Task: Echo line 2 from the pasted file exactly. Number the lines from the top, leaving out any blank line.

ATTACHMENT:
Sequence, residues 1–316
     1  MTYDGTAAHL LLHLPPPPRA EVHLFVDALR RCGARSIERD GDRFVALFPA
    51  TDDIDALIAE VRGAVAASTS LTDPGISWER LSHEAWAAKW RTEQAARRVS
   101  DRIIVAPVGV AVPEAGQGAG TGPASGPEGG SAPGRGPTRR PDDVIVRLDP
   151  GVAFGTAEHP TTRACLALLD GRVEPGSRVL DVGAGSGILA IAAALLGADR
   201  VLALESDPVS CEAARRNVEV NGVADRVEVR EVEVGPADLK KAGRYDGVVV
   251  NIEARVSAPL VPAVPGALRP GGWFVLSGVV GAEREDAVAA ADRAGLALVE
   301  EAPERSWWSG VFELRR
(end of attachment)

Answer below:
     1  MTYDGTAAHL LLHLPPPPRA EVHLFVDALR RCGARSIERD GDRFVALFPA